Sinema had previously nixed another one of Biden’s signature non-tax revenue-raisers, a plan to allow Medicare to negotiate prescription drug prices, which would have lowered costs for the government and individual Americans alike.
As the hunt continues for tax changes she will accept, top Democrats are quickly losing patience with Sinema. According to Punchbowl News, their new strategy is to simply ignore her: White House officials and Democratic congressional leaders “now believe it would be more productive to seek a deal with Manchin, bring House and Senate progressives on board, and then dare Sinema to block it,” cutting the iconoclastic Arizonan out of the process entirely.
“On [prescription drug prices] and on revenue, I’m struggling to really grasp what her endgame is,” one Democratic senator groused to Politico. “But she insists: ‘I will get there, I’m not going to tank this. I will work out something.’”
This fight over paying for the spending package crystallizes the divergent approaches taken by Manchin and Sinema. The two centrists have been frequently grouped together — including in this newsletter — because they are the sole Democratic senators who have offered major objections to Biden’s spending plan.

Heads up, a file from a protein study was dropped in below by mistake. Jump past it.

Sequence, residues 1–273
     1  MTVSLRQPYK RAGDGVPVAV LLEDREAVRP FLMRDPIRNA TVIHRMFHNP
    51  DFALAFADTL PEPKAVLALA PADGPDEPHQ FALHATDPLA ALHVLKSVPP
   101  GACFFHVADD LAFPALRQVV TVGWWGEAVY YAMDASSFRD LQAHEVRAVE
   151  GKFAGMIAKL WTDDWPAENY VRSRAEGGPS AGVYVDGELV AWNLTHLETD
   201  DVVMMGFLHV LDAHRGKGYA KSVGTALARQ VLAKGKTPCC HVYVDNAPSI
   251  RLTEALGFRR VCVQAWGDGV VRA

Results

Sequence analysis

But the “Manchinema” (or is it “Sinemanchin”?) label obscures the fact that the two senators have approached these spending talks very differently. While Manchin frequently speaks to the press and voices his opinions on specific Biden proposals, Sinema is a more elusive figure in Washington.
She rarely speaks to reporters and has often kept her fellow Democrats in the dark — which is why her sudden pronouncements keep surprising them, like on the issue of paying for the package. Critics charge that while Manchin is more or less consistent in his fiscally conservative ideology, there is little through-line between Sinema’s views.
(For example, she once supported lowering prescription drug prices and also voted against the Trump-era tax cuts that she now opposes reversing.)